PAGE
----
Julie Alderman
October 16, 2013

My friends and I have fallen into a routine. Every night, more or less, we cook our own dinner in our own rooms and come together in my room to eat all together. We sit cross-legged on the concrete floor slurping pasta or biting into some vegetables as we joke, laugh and catch up on our daily adventures.

About once a week when the conversation seems to lag a little bit, I call that we should play a game. That game is high/low. The rules are fairly simple. A person starts and says his or her low point of the week and then moves on and describes their high point. This simple game has become a ritual in our little circle.

At first, the highs would be going to museums or planning a trip and the lows would be that the Albert Heijn was out of peanut butter. As we’ve gotten to know each other better and better, our games have become an intimate reception for all things good and bad.

The lows can bring us to tears. Whether it’s crippling homesickness, a fall off of a bike or a bad grade, we feel each others’ pain. Sometimes lows cause hugs to be exchanged or chocolate to be dug out. Sometimes they are breathed in and out by the group before we move on.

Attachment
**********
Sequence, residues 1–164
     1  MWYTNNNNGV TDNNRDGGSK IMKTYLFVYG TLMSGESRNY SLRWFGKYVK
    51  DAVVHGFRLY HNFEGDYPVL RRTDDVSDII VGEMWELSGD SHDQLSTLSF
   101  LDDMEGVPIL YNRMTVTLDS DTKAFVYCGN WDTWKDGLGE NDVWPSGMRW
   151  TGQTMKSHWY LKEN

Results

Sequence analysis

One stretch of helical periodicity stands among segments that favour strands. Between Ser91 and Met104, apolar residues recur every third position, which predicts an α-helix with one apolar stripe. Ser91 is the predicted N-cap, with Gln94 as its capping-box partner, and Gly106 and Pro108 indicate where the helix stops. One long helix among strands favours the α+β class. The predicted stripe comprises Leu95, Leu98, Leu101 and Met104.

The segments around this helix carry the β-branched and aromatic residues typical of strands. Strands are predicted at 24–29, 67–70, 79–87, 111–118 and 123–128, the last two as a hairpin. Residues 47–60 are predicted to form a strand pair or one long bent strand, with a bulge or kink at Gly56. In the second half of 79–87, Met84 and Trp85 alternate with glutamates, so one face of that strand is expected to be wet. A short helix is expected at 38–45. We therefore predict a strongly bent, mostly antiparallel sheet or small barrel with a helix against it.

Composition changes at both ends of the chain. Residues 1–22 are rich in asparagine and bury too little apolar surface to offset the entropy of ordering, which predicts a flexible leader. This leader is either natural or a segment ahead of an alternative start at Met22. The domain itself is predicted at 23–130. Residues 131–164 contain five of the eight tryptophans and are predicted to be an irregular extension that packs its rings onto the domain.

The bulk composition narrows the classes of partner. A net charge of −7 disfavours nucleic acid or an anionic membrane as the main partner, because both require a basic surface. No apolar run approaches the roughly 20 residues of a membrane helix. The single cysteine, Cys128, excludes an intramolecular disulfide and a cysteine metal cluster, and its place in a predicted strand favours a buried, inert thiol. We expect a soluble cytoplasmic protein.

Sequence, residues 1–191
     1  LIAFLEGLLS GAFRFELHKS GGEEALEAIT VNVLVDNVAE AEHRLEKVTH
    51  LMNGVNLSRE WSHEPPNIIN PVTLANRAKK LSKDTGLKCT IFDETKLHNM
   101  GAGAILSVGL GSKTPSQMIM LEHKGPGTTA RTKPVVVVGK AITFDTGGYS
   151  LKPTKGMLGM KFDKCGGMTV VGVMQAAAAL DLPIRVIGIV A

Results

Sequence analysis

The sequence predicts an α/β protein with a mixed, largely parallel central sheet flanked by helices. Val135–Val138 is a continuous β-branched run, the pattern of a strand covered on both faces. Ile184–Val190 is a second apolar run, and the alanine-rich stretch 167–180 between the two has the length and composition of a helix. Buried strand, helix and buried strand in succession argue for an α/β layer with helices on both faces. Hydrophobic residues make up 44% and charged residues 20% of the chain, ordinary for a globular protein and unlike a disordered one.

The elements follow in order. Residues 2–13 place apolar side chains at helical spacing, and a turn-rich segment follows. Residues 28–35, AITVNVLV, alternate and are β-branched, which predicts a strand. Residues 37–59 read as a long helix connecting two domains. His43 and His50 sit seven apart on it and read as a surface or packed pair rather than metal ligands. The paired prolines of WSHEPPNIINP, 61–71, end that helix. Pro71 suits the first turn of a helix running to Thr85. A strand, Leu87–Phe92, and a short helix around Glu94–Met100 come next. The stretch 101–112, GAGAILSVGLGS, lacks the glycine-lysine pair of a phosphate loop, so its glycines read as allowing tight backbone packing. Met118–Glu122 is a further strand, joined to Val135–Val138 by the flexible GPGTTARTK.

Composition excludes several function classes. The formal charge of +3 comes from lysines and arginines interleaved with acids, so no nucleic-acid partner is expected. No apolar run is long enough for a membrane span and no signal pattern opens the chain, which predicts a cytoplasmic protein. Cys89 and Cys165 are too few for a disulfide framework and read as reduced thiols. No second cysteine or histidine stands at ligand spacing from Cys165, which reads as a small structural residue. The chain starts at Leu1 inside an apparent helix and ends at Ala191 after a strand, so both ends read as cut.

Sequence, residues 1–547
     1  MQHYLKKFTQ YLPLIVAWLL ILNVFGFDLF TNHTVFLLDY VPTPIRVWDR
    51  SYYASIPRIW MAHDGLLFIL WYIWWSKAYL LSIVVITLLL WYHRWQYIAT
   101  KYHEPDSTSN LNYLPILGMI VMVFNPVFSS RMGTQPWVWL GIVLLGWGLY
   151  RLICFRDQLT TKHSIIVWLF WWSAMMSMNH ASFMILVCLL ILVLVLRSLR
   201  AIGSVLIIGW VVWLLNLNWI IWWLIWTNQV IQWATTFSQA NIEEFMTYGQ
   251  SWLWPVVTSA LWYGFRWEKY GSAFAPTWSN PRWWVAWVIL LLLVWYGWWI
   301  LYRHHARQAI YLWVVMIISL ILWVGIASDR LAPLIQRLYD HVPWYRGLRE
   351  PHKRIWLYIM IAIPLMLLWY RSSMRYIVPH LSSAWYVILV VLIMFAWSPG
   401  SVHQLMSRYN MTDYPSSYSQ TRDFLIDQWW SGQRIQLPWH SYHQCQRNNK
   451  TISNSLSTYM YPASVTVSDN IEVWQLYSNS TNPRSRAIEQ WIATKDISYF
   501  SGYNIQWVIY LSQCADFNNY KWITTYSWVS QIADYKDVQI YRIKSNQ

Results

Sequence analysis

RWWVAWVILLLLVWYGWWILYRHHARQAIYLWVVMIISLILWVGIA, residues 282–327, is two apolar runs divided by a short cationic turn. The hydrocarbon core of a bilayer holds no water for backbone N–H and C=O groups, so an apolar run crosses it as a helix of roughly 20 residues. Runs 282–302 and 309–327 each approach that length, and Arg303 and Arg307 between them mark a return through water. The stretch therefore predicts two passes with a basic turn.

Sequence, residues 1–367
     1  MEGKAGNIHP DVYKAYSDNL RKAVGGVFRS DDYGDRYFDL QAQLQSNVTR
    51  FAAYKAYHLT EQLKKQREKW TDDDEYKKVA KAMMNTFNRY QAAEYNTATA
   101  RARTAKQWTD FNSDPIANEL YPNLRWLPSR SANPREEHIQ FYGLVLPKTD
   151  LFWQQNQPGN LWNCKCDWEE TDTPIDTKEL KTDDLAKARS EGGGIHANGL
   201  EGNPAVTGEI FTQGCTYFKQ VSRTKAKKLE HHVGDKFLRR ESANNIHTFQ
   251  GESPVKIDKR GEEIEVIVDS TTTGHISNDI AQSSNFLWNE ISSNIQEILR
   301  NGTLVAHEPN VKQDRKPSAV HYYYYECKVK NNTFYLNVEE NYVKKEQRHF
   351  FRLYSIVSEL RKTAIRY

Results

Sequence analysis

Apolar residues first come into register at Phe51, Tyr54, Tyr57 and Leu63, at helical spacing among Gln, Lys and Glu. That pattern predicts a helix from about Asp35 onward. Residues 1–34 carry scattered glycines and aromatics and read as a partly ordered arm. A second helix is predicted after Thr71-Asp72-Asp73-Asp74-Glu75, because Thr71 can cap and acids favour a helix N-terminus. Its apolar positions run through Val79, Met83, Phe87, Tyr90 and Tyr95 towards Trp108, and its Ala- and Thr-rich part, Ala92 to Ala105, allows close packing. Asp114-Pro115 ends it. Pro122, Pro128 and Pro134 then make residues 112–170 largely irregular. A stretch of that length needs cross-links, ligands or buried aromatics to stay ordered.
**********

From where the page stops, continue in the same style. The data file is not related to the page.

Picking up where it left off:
The highs are often accompanied by large belly laughs and strange private jokes.

“Remember when Jimmy said he wanted to marry a cactus?”

“That time we started a U.S.A. chant at a pub in Liverpool!”

“Our trip to Texel.”

Highs can bring an overwhelming smile to all of our faces. I think the best high came from my friend Erin, who said:

“I just like being here with all of you.”

We have become a family. I can’t imagine being abroad with a better group of people. And that’s part of the reason these two months have been so amazing.

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Julie Alderman

<p><span style="color: rgb(29, 29, 29); font-family: Arial, Verdana, sans-serif; font-size: 12px; line-height: normal; background-color: rgb(237, 237, 237);">I&rsquo;m Julie Alderman, a junior at the George Washington University studying political communication, and I&rsquo;m ready for the adventure of a lifetime in Amsterdam. I love strong coffee, good writing and all types of music (from opera to country). I hail from Manlius, New York, a small town outside of Syracuse and I am ready to live it up in Amsterdam and travel all around Europe!</span></p>

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